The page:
СЕМЬЯ И СОВРЕМЕННЫЙ СОЦИУМ
The formulation of the first scientific theories of the evolution of nature began at least two centuries ago. However, the philosophical roots of evolutionary ideas are much older (see, e.g., Vorontsov 1999; Asmus 2001; Chanyshev 1976, 2001; Barg 1987; Ilyushechkin 1996; Losev 1977; Nisbet 1980). An incipient understanding of the historical dimension of natural processes can already be found among the ancient Greeks (e.g., Heraclitus, Anaximander, Empedocles, etc.). In the late Modern period these ideas strengthened in conjunction with the idea that historical changes in nature can be described with the aid of rigorous laws. This type of thinking created the evolutionary approach in science. However, these ideas penetrated rather slowly in various branches of science. Nevertheless, supported by a growing body of firm evidence, the evolutionary approach became gradually established during this period in geology, cosmology, biology and social sciences.
We propose two models of social segregation inspired by the Schelling model. Agents in our models are nodes of evolving social networks. The total number of social connections of each node remains constant in time, though may vary from one node to the other. The first model describes a “polychromatic” society, in which colors designate different social categories of agents. The parameter μ favors/disfavors connected “monochromatic triads,” i.e., connected groups of three individuals within the same social category, while the parameter ν controls the preference of interactions between two individuals from different social categories. The polychromatic model has several distinct regimes in (μ,ν)-parameter space. In ν-dominated region, the phase diagram is characterized by the plateau in the number of the intercolor connections, where the network is bipartite, while in μ-dominated region, the network looks as two weakly connected unicolor clusters. At μ>μcrit and ν>νcrit two phases are separated by a critical line, while at small values of μ and ν, a gradual crossover between the two phases occurs. The second “colorless” model describes a society in which the advantage or disadvantage of forming small fully connected communities (short cycles or cliques in a graph) is controlled by a parameter γ. We analyze the topological structure of a social network in this model and demonstrate that above a critical threshold, γ+>0, the entire network splits into a set of weakly connected clusters, while below another threshold, γ−<0, the network acquires a bipartite graph structure. Our results propose mechanisms of formation of self-organized communities in international communication between countries, as well as in crime clans and prehistoric societies.
In this paper are studied the problems of legal development in the modern societies. This development is examined in the perspective of globalization and modernisation which lead the lawyers to the new understanding of communicative and social dimension of law. In author’s opinion, the contemporary theory of law needs a new approach to law which takes into account social possibilities of the interhuman behaviour and the social reality of law. Introducing such a theory implies a self-referent, operative and normative integrity of law and of the legal communication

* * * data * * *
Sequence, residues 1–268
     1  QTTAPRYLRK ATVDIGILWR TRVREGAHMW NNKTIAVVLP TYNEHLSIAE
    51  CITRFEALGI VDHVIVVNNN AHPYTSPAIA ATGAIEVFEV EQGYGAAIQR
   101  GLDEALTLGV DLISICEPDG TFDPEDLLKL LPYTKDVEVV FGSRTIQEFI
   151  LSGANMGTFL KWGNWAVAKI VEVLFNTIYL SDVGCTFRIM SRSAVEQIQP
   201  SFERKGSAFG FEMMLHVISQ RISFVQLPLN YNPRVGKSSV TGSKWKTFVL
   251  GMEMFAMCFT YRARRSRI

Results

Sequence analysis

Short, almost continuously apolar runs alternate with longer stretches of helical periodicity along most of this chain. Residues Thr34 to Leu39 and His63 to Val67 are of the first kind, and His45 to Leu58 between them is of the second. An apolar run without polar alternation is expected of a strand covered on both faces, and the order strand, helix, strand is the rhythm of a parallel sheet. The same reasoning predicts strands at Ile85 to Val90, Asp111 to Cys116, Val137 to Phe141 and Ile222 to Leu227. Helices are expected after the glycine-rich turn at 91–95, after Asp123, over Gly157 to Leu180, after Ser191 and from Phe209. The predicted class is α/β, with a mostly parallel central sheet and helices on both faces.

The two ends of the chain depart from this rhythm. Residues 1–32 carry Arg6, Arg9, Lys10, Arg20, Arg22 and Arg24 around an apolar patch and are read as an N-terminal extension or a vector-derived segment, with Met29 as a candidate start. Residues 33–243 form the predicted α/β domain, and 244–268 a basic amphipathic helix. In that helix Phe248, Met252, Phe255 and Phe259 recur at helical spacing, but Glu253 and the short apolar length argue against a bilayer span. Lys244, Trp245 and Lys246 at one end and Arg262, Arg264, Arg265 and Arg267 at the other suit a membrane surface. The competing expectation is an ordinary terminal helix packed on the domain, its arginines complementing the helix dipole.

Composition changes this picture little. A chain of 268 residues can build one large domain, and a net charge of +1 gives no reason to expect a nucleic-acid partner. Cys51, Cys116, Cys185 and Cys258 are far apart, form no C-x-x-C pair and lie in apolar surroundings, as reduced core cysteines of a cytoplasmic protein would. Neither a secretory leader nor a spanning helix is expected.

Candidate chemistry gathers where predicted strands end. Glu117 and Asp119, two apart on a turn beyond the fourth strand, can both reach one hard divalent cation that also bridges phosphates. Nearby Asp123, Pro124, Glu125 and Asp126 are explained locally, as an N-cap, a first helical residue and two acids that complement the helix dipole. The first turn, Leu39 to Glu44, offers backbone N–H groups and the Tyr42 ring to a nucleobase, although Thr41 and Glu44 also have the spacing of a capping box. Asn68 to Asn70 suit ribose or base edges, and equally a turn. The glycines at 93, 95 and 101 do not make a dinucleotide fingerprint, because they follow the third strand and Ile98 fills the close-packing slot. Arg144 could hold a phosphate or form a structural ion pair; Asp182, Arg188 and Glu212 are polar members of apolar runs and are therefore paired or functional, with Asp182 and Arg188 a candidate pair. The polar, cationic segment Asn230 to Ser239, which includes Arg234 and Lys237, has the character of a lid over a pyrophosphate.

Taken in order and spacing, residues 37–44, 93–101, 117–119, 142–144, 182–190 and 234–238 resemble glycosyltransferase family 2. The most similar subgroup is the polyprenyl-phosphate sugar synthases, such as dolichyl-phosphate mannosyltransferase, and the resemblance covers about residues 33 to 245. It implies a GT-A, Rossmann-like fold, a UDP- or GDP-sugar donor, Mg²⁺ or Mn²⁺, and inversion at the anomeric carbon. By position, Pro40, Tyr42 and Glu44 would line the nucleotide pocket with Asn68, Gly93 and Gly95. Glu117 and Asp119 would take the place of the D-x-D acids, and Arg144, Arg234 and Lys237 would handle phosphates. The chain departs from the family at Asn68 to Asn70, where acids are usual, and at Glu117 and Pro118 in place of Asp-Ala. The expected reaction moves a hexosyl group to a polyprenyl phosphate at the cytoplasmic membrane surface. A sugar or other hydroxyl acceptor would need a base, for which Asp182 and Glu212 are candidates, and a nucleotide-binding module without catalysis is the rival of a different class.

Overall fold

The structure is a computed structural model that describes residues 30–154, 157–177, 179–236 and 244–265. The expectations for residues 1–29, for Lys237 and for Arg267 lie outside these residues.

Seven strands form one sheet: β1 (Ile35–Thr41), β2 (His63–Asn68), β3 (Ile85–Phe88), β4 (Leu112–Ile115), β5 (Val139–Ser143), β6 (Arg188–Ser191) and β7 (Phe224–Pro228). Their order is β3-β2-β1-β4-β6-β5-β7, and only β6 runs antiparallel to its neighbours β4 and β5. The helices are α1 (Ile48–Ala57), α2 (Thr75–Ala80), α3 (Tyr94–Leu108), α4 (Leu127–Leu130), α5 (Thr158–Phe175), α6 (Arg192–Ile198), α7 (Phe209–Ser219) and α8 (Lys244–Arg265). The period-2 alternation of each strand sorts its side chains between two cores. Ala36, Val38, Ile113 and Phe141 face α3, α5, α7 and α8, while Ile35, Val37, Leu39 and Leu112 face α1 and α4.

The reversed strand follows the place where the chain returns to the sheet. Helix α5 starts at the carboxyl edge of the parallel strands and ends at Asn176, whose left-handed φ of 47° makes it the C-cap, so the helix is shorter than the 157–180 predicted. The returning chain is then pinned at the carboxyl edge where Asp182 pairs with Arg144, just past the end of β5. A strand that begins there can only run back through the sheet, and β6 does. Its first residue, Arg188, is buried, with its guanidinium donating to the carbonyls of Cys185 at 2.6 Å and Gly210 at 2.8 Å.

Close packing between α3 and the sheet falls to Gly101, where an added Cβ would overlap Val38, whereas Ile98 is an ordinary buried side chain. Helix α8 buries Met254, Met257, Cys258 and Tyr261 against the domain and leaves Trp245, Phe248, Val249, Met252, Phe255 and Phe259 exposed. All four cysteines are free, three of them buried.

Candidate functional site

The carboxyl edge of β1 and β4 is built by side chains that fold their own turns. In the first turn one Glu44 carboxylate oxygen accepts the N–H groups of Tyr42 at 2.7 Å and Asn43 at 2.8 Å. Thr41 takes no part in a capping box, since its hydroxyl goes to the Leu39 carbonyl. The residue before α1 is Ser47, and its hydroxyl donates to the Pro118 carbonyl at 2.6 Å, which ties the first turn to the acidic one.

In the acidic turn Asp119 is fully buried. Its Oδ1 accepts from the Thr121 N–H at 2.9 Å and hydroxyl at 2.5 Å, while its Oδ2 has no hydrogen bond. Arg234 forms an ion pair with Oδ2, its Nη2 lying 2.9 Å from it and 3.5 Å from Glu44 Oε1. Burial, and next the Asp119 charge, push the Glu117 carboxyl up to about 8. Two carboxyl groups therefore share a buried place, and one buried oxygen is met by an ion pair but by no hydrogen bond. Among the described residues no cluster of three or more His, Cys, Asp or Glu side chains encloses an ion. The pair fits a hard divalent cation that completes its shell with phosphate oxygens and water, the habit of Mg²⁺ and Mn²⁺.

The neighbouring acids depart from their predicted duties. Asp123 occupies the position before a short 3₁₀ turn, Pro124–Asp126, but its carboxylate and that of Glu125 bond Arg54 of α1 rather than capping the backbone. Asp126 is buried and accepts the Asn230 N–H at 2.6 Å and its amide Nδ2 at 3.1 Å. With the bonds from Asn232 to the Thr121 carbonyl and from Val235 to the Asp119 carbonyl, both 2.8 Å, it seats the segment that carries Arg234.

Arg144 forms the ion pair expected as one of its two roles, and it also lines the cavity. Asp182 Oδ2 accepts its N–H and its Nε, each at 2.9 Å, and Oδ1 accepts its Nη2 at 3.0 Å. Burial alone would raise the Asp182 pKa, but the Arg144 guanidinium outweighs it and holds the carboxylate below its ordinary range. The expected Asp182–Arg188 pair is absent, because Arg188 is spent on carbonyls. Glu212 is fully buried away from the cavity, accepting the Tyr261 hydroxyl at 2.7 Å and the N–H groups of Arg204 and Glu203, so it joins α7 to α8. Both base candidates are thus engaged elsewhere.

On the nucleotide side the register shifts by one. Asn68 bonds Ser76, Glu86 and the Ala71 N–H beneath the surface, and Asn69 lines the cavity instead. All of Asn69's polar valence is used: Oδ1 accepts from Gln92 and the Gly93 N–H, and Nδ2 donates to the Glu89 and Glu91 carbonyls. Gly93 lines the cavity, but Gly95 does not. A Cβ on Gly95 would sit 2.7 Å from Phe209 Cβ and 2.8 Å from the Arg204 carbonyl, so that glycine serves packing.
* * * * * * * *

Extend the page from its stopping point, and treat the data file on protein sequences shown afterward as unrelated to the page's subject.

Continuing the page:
The purpose of this paper is to encourage discussions regarding the existing approaches to globalization measurement (taking mainly the form of indices and rankings) and their shortcomings in terms of applicability to developing Global Studies curricula. Another aim is to propose an outline for the globalization measurement methodology that would take a systemic approach to revealing the global flows (both their direction and content) and networks, which will allow the multidimensionality in globalization measurement crucial for proposing and verifying formal explanations and hypotheses, as well as for developing globalization forecasts.
This article describes the expierence of studying factors influencing the social well-being of educational migrants as mesured by means of a psychological well-being scale (A. Perrudet-Badoux, G.A. Mendelsohn, J.Chiche, 1988) previously adapted for Russian by M.V. Sokolova. A statistical analysis of the scale's reliability is performed. Trends in dynamics of subjective well-being are indentified on the basis the correlations analysis between the condbtbions of adaptation and its success rate, and potential mechanisms for developing subjective well-being among student migrants living in student hostels are described. Particular attention is paid to commuting as a factor of adaptation.
The distractive effects on attentional task performance in different paradigms are analyzed in this paper. I demonstrate how distractors may negatively affect (interference effect), positively (redundancy effect) or neutrally (null effect). Distractor effects described in literature are classified in accordance with their hypothetical source. The general rule of the theory is also introduced. It contains the formal prediction of the particular distractor effect, based on entropy and redundancy measures from the mathematical theory of communication (Shannon, 1948). Single- vs dual-process frameworks are considered for hypothetical mechanisms which underpin the distractor effects. Distractor profiles (DPs) are also introduced for the formalization and simple visualization of experimental data concerning the distractor effects. Typical shapes of DPs and their interpretations are discussed with examples from three frequently cited experiments. Finally, the paper introduces hierarchical hypothesis that states the level-fashion modulating interrelations between distractor effects of different classes.